Ask a Book Editor: 7 First Novel Blunders to Avoid
As daunting as it can seem, most literary agents and acquiring editors are open to discovering new talent. And a big part of that is reading first novel manuscripts. Unfortunately, first novels too often share writing tics, quirky choices, or downright clichés. These common missteps can hurt your chance of being the brilliant gem in their inbox.
The GOOD news is that many of these "mistakes" are easy to spot--and thus fix. Sure, there are probably successful exceptions for each item below, but let's go ahead and stack the odds in your favor. Sidestep these "beginner clues" and you'll be on your way to the old pro club.
1. First chapter begins with protagonist waking up and ends with him or her going to bed. Unless it's Groundhog Day, it's a chapter, not a neat day. Plus never lead with an alarm clock.
2. Looking in the mirror (or any reflective object) to describe a character's appearance in great detail--especially at the start after waking up. Let the relevant facts naturally unfold versus performing the literary equivalent of a police sketch.
3. Assigning main characters too similar names. Why make it hard for readers to keep track of or tell apart your otherwise unique characters? If your narrator is Sally, resist the urge to make Sam her love interest and Sal and Sully her BFFs. [Side note: My alliteration-loving parents gave my brothers and I all "P" names to match our surname--but unless that's an intentional detail, we'd make lousy characters.]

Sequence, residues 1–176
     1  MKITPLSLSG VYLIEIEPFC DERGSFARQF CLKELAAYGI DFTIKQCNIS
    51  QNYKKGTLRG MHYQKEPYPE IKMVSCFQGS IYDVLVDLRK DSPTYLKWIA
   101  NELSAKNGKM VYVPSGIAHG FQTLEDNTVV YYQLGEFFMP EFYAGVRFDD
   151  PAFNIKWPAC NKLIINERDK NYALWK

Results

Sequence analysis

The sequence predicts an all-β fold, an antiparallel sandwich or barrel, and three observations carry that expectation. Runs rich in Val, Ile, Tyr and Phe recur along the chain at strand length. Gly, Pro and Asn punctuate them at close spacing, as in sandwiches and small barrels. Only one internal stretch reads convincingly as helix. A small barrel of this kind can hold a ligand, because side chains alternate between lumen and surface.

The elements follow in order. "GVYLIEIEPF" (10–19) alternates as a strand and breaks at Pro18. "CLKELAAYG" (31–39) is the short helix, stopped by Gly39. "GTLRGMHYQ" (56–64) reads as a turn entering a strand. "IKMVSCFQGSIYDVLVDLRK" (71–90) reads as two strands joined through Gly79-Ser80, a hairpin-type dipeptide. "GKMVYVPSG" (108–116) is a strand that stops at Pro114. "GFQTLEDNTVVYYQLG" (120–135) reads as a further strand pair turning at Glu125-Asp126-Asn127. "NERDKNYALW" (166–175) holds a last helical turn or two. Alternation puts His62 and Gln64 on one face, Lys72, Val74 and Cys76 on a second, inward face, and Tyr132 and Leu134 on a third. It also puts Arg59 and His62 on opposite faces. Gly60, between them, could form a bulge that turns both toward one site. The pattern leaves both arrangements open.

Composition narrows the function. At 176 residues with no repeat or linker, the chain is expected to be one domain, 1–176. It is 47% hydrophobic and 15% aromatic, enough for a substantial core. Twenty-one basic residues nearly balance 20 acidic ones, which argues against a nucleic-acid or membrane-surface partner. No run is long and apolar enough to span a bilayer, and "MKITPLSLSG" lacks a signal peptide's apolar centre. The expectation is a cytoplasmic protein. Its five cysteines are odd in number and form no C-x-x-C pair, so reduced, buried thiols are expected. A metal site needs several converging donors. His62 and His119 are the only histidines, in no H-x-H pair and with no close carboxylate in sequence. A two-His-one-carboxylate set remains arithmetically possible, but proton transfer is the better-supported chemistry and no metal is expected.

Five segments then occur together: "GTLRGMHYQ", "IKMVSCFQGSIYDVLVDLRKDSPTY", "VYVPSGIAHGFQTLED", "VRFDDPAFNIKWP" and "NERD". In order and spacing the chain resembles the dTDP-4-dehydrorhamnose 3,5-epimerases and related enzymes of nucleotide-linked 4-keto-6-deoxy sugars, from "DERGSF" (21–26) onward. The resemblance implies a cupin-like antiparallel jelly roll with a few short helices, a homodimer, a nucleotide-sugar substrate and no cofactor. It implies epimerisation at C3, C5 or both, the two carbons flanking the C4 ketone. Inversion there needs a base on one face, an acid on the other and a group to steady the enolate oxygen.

4. Waiting too long for anything (atypical) to happen. Remember, readers have signed up for a story, not an uneventful stake-out. Start your tale close to some significant turning point and readers will happily keep turning the pages.
5. Introducing too many characters upfront. First, let the reader get to know the protagonist--only introducing other characters in relation to him or her. Think of it like a first date versus a group hang. You can't get to know someone if there's too much surrounding "noise."
6. Adverbs galore. Nine times out of ten, these are not your friend. They're clutter on the page. Choose a stronger verb if necessary to convey meaning. And (almost) never use them with dialogue tags (aka, overusing adverbs before or after "said/asked/replied/etc" (e.g., "he said cruelly") to convey tone or emotion versus letting it come through the dialogue itself).
7. Opening with a dream. Whether intended as foreshadowing, back story, or a bait-and-switch (What? I don't live in a castle?), opening with a dream is one device we'd all like to wake up from.
What drives YOU crazy (or admit to committing)?